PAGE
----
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Roses give color to the roadsides again

A close look at rose hips with frost of them. (Photos by Larry Weber)1 / 3
More frosty rose hips.2 / 3
A large growth of rose hips adds much red to the roadsides.3 / 3

This month has been referred to as "gray November." Such a label is a tribute to a period of time that is often the cloudiest for the whole year. Some years, the days proceed through November with clouds after clouds. Out of the clouds we may get rain or, later, snow. The month that begins with open waters of ponds, swamps and lakes ends with freezing. And so November has often been called the "cloudy freeze-up" month. And then there is November of 2016.

While November of 2014 gave us chilly temperatures (about 7 degrees less than the norm) with ample snowfall (about 16 inches) and an early freeze-up (also an early beginning to the ski season), November of 2015 was mild, several degrees above the usual. The lakes did not freeze until the end of the month or later.

This November has continued the mild trend. For the first half we would not call it by its traditional name, but instead these days so far have been considerably warmer than normal with clear skies and very dry. Only small amounts of ice have been noted and this has been temporary.

However, the leaves are gone from the trees and due to these arid conditions, snow is only a topic of discussion. The days of AutWin that began about Oct. 20 continue. I find walking the woods on these clear mild days of November just as fascinating as always. Among the bare trees and the dead leaves scattered across the forest floor, I find the green plants of lichens, mosses, clubmosses, ferns and a few flowering plants. They add much to the scene. And since most are small, they get overlooked in the leafy green forests of summer and the snow-covered woods of winter.

But as I walk, I see plenty more in the AutWin landscape. Small mammals like chipmunks, squirrels and mice are preparing for the coming cold. With the birds, chickadees, nuthatches and woodpeckers are taking advantage of the mild temperatures to catch some insect meals before they are unavailable. Among the insects I continue to see small red dragonflies (autumn meadowhawks), late-season moths and a variety of flies, mostly in the sunlight.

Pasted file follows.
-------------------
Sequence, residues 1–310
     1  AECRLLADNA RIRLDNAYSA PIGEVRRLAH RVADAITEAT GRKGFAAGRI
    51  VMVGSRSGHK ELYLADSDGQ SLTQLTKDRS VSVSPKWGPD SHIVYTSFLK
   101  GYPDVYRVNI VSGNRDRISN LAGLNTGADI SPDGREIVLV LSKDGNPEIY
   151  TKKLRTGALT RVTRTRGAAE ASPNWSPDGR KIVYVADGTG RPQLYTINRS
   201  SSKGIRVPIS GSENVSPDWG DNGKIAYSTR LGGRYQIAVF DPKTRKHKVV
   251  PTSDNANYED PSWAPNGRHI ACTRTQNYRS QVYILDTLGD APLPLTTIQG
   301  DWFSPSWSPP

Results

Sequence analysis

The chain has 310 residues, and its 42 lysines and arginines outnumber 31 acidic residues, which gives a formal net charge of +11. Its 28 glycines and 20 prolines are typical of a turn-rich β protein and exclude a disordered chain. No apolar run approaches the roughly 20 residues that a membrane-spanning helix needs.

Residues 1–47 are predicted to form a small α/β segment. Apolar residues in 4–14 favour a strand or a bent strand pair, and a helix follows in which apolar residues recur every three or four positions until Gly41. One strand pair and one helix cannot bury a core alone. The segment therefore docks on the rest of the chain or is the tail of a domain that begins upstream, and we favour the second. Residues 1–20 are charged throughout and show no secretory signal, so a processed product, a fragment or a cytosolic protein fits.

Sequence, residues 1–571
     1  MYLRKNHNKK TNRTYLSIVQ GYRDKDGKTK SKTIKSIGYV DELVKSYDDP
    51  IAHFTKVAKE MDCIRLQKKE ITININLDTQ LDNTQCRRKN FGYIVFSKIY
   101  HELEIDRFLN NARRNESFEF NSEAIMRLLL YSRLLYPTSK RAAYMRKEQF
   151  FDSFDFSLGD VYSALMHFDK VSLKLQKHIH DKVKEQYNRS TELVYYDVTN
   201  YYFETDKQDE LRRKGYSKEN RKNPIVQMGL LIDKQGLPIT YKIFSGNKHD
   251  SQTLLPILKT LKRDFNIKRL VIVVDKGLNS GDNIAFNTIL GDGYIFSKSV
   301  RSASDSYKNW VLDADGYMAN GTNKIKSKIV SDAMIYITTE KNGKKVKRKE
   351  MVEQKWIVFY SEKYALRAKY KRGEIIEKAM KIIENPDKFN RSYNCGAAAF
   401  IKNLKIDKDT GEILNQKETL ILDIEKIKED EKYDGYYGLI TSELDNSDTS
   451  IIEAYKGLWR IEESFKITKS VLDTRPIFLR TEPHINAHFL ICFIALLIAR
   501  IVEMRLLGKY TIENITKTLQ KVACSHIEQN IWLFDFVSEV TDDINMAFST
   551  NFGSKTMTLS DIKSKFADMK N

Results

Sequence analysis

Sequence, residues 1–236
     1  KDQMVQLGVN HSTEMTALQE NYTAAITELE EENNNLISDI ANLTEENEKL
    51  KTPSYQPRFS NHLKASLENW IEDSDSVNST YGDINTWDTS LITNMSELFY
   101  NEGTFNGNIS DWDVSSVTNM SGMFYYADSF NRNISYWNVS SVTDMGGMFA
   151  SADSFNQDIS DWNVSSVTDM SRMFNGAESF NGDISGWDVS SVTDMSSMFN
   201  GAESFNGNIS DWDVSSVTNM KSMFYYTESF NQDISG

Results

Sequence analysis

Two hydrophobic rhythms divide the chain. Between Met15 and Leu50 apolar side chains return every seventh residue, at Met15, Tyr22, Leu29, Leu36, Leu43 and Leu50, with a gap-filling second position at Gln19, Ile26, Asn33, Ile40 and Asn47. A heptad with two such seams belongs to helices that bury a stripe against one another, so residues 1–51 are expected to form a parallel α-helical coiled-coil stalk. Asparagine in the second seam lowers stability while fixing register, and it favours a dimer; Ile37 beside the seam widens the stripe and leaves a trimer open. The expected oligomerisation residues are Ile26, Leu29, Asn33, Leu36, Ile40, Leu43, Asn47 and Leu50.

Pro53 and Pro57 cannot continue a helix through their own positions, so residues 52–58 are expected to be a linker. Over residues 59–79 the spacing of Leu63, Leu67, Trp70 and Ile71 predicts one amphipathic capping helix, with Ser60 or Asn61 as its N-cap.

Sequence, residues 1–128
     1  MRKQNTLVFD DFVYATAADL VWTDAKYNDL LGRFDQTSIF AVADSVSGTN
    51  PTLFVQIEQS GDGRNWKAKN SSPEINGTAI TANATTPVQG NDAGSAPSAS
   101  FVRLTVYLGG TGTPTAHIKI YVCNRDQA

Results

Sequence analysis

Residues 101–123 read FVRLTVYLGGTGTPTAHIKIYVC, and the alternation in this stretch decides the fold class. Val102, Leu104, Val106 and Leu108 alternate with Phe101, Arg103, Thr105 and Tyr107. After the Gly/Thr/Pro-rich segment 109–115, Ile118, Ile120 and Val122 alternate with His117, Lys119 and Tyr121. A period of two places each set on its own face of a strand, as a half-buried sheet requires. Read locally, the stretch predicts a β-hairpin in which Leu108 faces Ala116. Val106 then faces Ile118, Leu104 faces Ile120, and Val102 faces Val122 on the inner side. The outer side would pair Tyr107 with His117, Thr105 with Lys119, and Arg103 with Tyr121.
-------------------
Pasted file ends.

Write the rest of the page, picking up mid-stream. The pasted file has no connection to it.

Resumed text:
Looking toward and below the sun (never look at the sun), I see a plethora of travel threads laid down by spiders as they move about on these branches of autumn. Many of the small ones (called spiderlings) use the breeze and drift on a silk thread. The process, called ballooning, allows them to disperse. Most of the threads from these adventurous treks are left in the branches and we see just how abundant they are.

But as I walk and look around, I see that some red is here in the drab woods as well. And since the red leaves have dropped, it is something else that provides this color. Starting low, I note the berries and fruits out here. Always with evergreen leaves, wintergreen on the forest floor produces a bright red berry. Nearby, sticking up on a small plant now with brown leaves, are the tiny red berries of wild lily-of-the-valley (Canada mayflower). Both showed white flowers during the spring and summer.

As I walk from the woods and along its edge, I find the small trees of crabapples and hawthorns, also with red berries and fruits. Neither seems to be as populous as I expect. Maybe they did not produce as much this year or maybe many have been already eaten.

Continuing my walk, I now go along a wetland. Here I find two more small trees with growths of red berries, highbush cranberries and winterberry holly. Some juicy fruits are on the highbush cranberry, less than normal and not much on the winterberry holly. After seeing these plants with fewer red berries and fruits than normal, it is a delight to see a plant that has plenty of red berries, a widespread growth of wild roses.

At a site, near a road and a pond, I locate a wild rose that is filled with reddish fruits. These cousins of apples have a small fruit, only about 1/2 inch in diameter, often called rose hips. Like apples, they have seeds in the center and sepals at the end.

The roses that are growing here were a delight to watch during the warm season. Back in about mid-June their large pink flowers opened. For the next several weeks they demanded my attention as I took my regular walks. Insects were also attracted and after pollination, the seeds and fruits developed.

Being bright red now, they continue to get attention from passersby (as do other plants with red berries and fruits). Some Northlanders gather these rose hips after the frosts of fall and use them for teas and other foods. I usually leave them for the wildlife residents of the north country to feed upon. Picking them or not, these rose hips give a touch of red to the drab landscape of November, whether it is cloudy or clear and warm or cold.

Larry Weber

Retired teacher Larry Weber is the author of several books, including “Butterflies of the North Woods,” “Spiders of the North Woods,” “Webwood” and “In a Patch of Goldenrods.” Contact him c/o